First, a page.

July 1, 2004
Syracuse, N.Y.-based Byrne Dairy opened an ultra-pasteurization dairy processing facility in Dewitt, N.Y. The new facility will allow the company to increase the depth of its current product line and generate future growth into new markets. Earlier this year, the company was named 2004 Dairy of the Year by All Star Dairy Association.
In June, legislation was introduced in Congress to set up a new national dairy compact called the National Dairy Equity Act (NDEA). According to the International Dairy Foods Association (IDFA), the legislation — which seeks to revive and expand the defunct Northeast Dairy Compact — creates a complicated pricing scheme that layers a new regional bureaucracy on top of the current federal order system. For more information on the new compact and IDFA’s opposition, visit www.idfa.org.
Overstatement of $19 million in profits over a seven-year period by the Carlisle, Pa., Land O’Lakes butter/butter powder processing facility is behind the company’s need to restate earnings from 1997 through the first quarter of 2004. The Arden Hills, Minn.-based cooperative reports accounting practices at its South Middleton Township dairy plant are being audited by KPMG, Land O’Lakes’ accounting firm. Discrepancies in recording of estimates for milk receivables and fees are cited as the cause of the original inflation of profit statements. Net earnings were overstated by about $1.4 million in the first quarter of 2004, by $2 million in 2003 and between $2 million and $5 million annually in 1997 through 2002.
Two separate incidents in June on the West Coast had the Food and Drug Administration (FDA) and others clambering to determine whether milk in California and Washington was safe to consume. The Environmental Working Group (EWG) reported that milk from cows raised in some parts of California may expose infants and children to a greater level of toxic rocket fuel than is considered safe by the U.S. Environmental Protection Agency (EPA) and the state of Massachusetts. Meanwhile, results of the testing of milk samples from cows exposed to a toxic substance in Washington state revealed no identifiable risk from this agent associated with the milk from any of the exposed cows.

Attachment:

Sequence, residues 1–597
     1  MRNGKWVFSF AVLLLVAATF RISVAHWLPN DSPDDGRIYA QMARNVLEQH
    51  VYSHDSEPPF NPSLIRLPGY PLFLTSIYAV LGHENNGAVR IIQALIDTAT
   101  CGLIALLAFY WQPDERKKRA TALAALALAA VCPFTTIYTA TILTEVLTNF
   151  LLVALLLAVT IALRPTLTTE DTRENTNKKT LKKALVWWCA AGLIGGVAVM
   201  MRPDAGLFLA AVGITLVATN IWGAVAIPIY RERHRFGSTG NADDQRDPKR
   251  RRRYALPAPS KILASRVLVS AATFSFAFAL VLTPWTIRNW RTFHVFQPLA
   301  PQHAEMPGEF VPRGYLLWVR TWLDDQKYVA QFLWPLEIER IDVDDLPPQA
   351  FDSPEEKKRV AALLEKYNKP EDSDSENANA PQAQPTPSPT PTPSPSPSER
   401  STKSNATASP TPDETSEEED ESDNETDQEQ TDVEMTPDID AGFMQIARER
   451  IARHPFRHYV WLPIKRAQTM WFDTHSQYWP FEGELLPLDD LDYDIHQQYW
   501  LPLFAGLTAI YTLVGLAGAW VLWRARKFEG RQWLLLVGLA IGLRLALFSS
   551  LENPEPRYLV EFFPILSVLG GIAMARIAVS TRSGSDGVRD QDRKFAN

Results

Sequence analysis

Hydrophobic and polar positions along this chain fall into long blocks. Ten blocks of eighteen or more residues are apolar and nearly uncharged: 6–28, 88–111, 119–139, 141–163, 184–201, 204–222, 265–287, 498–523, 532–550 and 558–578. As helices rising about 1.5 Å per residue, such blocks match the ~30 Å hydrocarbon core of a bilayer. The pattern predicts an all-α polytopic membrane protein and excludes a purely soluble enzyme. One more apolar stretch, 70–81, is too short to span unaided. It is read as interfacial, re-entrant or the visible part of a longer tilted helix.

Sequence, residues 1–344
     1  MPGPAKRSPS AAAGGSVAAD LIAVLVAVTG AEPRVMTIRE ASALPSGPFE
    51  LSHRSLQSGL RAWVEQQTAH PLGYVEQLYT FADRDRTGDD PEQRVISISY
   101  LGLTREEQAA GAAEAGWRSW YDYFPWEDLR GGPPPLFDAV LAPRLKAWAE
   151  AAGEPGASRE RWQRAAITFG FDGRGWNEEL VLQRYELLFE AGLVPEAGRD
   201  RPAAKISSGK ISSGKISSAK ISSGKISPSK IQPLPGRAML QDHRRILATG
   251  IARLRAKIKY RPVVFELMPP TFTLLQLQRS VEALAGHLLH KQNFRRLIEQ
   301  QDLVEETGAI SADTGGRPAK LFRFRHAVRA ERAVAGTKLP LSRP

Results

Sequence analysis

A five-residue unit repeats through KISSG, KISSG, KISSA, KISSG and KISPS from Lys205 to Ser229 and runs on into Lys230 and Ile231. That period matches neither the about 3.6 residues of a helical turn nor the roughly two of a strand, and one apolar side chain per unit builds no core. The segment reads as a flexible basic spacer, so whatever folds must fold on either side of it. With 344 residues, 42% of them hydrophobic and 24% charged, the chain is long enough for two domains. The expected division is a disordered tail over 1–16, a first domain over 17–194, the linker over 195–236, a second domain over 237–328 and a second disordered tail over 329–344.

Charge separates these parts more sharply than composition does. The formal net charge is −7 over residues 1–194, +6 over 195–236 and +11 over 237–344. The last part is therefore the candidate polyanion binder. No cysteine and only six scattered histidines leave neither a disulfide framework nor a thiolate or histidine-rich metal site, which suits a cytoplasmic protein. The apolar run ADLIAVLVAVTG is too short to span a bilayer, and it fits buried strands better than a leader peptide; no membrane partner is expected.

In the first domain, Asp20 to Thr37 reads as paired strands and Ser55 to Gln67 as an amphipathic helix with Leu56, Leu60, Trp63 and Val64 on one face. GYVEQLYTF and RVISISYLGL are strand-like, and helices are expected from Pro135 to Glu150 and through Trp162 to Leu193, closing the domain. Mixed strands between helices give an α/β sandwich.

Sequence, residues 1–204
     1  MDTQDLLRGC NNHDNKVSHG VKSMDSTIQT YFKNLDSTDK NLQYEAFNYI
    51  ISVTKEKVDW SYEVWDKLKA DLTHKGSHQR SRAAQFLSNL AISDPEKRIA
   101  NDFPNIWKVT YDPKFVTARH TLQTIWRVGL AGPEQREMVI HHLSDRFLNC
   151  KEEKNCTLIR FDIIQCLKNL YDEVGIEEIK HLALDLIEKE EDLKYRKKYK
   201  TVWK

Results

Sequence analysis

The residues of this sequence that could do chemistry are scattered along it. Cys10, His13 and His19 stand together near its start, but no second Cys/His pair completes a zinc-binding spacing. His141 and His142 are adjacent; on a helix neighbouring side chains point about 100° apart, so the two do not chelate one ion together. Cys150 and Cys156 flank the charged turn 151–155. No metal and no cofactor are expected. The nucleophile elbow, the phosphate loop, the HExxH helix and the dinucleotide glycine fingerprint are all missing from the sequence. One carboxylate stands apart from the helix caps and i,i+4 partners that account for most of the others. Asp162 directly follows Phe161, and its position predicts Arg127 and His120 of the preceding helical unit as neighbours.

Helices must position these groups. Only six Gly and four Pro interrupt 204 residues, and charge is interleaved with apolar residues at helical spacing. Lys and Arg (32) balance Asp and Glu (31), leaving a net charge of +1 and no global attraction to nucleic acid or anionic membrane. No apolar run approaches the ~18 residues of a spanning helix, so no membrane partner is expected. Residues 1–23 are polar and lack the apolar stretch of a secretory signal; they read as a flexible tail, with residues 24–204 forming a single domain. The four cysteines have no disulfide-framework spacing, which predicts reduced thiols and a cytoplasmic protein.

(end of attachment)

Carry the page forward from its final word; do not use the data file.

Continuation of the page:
Two of the Northeast dairy industry’s leading independents, LaFarge, Wis.-based Organic Valley Family of Farms and New Britain, Conn.-based Guida’s Milk and Ice Cream, have formed a new co-processing partnership. All four Organic Valley HTST white milks (whole, 1%, 2% and skim) will now be processed at Guida’s certified organic facilities.
What is expected to be the largest civil sex-discrimination lawsuit on record will proceed against Wal-Mart following class-action suit approval by a federal judge. The decision will allow about 1.6 million women to join the suit brought by six California women alleging systemic pay and promotion bias against female employees of the nation’s largest retail grocer. More than two-thirds of the Wal-Mart workforce is female, but less than one-third of its managers are female and women are paid less than men in every department of the store. U.S. District Judge Martin Jenkins in San Francisco took nine months to decide whether to expand the lawsuit to include virtually all women who work or have worked at Wal-Mart. Most large U.S. class-action lawsuits are settled before trial; in a 1997 case covering 25,000 women, Home Depot settled a sex discrimination case for $104 million.
Using only organic ingredients, no emulsifiers and 14 percent butterfat, Straus Family Creamery, Marshall, Calif., has introduced the first organic ice cream mix to be available in the United States. Scoop shops can now provide their own deliciously flavored organic treats. “We wanted to do the right thing,” says Ray Martin, owner of Fairfax Scoop, the first and only scoop shop in the nation that often has customers lining up outside the door. The San Francisco-area shop uses Straus Ice Cream mix as its base and has a revolving menu of more than 100 unique flavors.
The California Dairy Research Foundation (CDRF) is accepting nominations through September 24 for the William C. Haines Dairy Science Award. The award, named after William (Bill) Haines of Dairy Management Inc. (DMI), will honor individuals who have worked in support dairy science. Scientists who have made a significant contribution to the dairy industry through research and development are eligible for the award. Nomination forms for the 2005 award are available at www.cdrf.org.$OMN_arttitle="News wire";?>